A contemporary author writing an article for “dual presentation” has in mind both the classical printed presentation of an article and the modern web form of an article based on HTML.
There are two main approaches for achieving dual presentation that are relevant to the TeX community.1
Write a LaTeX article, and use a program that translates to HTML.
Write an article in a suitable XML document type, such as DocBook or TEI, and use standard software for generating LaTeX and HTML.
Both methods present challenges to authors who have been accustomed to using LaTeX.
Since mid-2002 the second-generation form of HTML that supports mathematical content has been supported by the two most widely deployed web browsers, but not many articles seem to have appeared on the web in this form so far. The most likely reason is difficulty of production.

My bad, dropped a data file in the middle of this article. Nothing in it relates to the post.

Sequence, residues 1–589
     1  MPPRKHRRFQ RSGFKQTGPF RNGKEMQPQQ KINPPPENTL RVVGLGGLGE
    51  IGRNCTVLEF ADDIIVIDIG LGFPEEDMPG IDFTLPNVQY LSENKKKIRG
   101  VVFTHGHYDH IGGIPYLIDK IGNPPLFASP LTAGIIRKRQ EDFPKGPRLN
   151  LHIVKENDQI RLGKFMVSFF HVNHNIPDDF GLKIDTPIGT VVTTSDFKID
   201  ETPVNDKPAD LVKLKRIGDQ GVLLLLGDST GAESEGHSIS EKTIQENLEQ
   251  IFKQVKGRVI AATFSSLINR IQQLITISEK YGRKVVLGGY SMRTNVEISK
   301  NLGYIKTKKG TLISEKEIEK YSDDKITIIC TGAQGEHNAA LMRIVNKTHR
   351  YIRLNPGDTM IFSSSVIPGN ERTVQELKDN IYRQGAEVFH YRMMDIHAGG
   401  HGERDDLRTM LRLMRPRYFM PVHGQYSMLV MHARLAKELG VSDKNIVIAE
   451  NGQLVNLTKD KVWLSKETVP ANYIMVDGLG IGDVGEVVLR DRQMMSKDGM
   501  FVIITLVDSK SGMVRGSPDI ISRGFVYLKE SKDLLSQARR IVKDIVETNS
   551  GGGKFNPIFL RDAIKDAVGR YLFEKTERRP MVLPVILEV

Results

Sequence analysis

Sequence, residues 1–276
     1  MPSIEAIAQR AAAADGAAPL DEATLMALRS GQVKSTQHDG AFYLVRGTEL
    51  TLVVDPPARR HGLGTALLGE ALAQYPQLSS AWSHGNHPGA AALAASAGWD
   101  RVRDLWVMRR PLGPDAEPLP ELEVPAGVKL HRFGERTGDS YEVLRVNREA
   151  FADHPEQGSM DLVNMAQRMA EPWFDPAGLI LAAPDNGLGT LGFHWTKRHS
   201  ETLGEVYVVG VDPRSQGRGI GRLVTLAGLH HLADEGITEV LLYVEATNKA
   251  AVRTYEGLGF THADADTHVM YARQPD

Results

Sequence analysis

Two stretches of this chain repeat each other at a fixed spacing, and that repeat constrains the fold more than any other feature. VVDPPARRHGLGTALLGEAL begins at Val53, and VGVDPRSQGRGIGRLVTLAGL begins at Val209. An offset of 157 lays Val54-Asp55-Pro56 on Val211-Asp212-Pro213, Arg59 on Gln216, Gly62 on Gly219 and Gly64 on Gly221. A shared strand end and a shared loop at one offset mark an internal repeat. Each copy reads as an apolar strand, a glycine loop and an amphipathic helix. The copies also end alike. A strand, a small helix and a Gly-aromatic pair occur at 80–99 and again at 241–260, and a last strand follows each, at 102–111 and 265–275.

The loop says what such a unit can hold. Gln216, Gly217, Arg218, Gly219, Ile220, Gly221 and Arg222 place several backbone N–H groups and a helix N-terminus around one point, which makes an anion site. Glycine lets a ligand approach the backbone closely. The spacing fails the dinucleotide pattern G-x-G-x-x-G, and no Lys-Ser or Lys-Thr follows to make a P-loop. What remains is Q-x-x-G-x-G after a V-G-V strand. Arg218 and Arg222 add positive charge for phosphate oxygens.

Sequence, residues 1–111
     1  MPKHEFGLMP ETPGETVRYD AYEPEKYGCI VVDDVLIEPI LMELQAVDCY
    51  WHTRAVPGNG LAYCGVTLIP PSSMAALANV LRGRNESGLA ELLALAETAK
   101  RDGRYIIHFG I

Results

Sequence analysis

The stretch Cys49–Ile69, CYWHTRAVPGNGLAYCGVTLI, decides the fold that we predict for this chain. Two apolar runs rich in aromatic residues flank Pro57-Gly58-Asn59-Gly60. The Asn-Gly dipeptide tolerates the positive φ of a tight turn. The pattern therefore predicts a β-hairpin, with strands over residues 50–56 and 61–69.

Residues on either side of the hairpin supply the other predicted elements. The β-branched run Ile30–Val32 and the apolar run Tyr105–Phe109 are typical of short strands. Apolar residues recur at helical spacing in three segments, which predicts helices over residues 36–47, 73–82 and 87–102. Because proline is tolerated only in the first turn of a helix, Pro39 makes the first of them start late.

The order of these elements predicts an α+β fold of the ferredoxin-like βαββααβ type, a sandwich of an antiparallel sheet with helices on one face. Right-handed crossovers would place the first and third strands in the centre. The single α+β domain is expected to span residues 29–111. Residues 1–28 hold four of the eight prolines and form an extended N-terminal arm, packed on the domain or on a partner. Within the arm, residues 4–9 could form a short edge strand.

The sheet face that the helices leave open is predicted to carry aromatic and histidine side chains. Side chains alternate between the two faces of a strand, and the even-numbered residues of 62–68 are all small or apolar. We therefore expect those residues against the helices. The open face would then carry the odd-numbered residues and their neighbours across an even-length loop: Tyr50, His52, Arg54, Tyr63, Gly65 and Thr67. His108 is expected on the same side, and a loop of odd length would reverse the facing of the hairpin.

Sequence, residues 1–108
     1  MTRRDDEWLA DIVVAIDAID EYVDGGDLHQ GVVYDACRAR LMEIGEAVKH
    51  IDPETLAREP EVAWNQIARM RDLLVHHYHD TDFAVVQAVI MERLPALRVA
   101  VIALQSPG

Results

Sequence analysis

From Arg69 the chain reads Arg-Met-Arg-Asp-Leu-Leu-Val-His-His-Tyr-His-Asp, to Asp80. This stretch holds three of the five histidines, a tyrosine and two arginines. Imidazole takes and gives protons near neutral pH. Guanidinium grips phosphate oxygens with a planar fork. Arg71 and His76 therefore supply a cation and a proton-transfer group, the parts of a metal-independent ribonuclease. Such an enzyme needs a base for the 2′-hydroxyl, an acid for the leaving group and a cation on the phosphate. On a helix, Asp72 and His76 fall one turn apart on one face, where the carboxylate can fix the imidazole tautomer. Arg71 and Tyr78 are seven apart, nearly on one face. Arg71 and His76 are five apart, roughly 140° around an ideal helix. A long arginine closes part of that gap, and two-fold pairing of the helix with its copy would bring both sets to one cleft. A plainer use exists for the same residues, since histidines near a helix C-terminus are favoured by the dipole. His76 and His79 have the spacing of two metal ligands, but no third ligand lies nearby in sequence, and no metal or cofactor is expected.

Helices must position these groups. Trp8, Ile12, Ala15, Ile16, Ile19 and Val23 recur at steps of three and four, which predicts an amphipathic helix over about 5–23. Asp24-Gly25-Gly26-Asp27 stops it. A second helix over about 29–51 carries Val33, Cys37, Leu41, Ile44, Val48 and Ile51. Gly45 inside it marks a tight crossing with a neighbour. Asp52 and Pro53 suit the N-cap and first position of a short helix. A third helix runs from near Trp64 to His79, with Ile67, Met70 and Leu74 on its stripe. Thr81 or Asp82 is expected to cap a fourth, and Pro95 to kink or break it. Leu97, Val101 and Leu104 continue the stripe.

This talk will address the use of “generalized LaTeX” to produce dual content from a single LaTeX-like source. This method combines the reliability of XML document transformation with many of the conveniences available when writing LaTeX markup.